July 17, 2014 4:07 pm

Six things we learned about the Mike Duffy investigation

Sen. Mike Duffy shields his eyes as he arrives at the Senate on Parliament Hill in Ottawa on Tuesday, Oct. 22, 2013. THE CANADIAN PRESS/Sean Kilpatrick

OTTAWA – It all started as an inquiry into Senator Mike Duffy’s housing expense claims.

But more than a year later, an RCMP probe has morphed into a sprawling investigation resulting in 31 charges being laid Thursday against Duffy, the former Conservative and one-time TV news star.

Here are six details revealed by RCMP Assistant Commissioner Gilles Michaud:

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1. Four provinces, four years of information:

Police said the investigation, which began around May 2013, comprised four years of expense claims, bank statements, phone records and thousands of emails.

Investigators from the RCMP’s sensitive and international investigations section travelled to Ontario and Prince Edward Island to interview witnesses, as well as British Columbia (where Prime Minister Stephen Harper’s former legal adviser Ben Perrin resides) and Saskatchewan (the home province of Conservative Senator David Tkachuk, who was involved in the Senate audit of Duffy’s expenses).

“This investigation started as a referral into expense claims. Since then investigators followed numerous leads, and today’s charges are the result of a careful examination of all the facts,” Michaud said Thursday.

2. Fraud claims total $200,000, plus the $90,000 cheque:

The Duffy investigation uncovered four different “avenues”: Senate housing expense claims, Senate travel claims, consulting contracts and former chief of staff Nigel Wright’s $90,000 cheque to the disgraced senator.

The total fraud and breach of trust charges amount to more than $200,000. The RCMP also charged Duffy with defrauding the government, breach of trust and “bribery of a judicial officer” in relation to Wright’s cheque.

If he’s found guilty, Duffy faces a maximum of 14 years for both the fraud and bribery charges if they’re prosecuted as indictable offences, and five years for breach of trust.

3. Only one person charged in the $90,000 deal

Duffy was charged under section 119 (1)(a) of the Criminal Code, which states that the holder of a “judicial office” corruptly accepts money. But the RCMP has previously said Wright, who gave Duffy the money, won’t be charged.

The reason, says criminal defence lawyer Michael Spratt, could be twofold: The RCMP likely determined Wright didn’t corruptly offer the money; and his testimony against Duffy is stronger if he’s not charged himself.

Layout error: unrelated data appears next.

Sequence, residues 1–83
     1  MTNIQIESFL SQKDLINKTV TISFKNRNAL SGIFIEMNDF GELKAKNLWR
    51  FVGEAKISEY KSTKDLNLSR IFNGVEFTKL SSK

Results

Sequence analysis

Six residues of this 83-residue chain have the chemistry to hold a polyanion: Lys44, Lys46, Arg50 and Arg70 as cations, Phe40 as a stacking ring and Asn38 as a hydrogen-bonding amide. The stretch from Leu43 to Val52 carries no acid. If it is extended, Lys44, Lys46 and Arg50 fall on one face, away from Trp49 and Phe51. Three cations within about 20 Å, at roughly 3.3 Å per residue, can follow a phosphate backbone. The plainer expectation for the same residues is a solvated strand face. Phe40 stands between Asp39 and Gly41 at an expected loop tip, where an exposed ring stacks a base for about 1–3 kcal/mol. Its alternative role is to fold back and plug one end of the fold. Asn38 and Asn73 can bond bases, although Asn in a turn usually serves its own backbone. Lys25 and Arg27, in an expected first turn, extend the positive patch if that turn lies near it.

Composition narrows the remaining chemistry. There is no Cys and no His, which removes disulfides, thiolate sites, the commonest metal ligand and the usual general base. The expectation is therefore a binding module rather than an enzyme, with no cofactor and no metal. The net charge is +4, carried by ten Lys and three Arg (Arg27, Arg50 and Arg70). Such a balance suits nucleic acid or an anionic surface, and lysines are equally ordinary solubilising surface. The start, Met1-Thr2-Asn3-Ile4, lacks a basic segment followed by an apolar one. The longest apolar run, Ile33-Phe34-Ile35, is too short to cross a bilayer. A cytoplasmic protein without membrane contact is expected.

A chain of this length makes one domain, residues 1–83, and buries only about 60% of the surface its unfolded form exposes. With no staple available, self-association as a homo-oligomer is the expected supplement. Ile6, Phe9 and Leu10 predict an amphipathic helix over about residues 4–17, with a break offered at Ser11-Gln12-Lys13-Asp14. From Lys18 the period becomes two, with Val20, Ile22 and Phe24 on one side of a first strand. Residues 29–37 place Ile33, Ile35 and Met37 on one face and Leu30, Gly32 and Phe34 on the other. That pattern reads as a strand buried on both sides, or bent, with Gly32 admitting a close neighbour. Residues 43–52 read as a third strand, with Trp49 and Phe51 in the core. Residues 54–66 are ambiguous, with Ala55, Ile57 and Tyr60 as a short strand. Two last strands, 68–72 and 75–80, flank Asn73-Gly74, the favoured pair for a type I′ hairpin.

“By not charging him with anything, they’re able to preserve the integrity of his evidence and use that evidence in the prosecution of Duffy,” Spratt said.

But who’s the “judicial officer”? Likely Duffy himself, not Wright, because Duffy is the one charged under the Criminal Code (the definition also includes members of parliament or provincial legislators).

Confused? Duffy’s lawyer says he is, too.

“I am sure that I am not the only Canadian who will now wonder openly how what was not a crime or bribe when Nigel Wright paid it on his own initiative became, however mysteriously, a crime or bribe when received by Senator Duffy,” Donald Bayne said in a statement Thursday.

4. Contracts for personal gain

The RCMP revealed new details about $65,000 in consulting contracts Duffy allegedly gave his friend Gerald Donohue for little apparent work.

Part of the funds from the contracts were used “for personal gain,” the RCMP said, or for expenses “which circumvent Senate oversight.”

5. “Another Senate file”

Michaud left reporters with this tantalizing detail: “We continue to work on another Senate file.”

Retired Liberal Senator Mac Harb and suspended former Conservative Senator Patrick Brazeau already face fraud and breach of trust charges in relation to their own expense claims.

The logical choice for that additional “Senate file” would be suspended Conservative Senator Pamela Wallin, who’s the subject of a separate fraud and breach of trust investigation but hasn’t been charged.

6. A busy September

The Conservatives may have a headache on their hands when Parliament resumes in September. They’ll try to set the agenda when the House of Commons is set to resume on Sept. 15. But the Duffy Affair will take centre stage when he makes his first court appearance in Ottawa – the very next day.

Oh and did we mention – 2015 is an election year?

© Shaw Media, 2014

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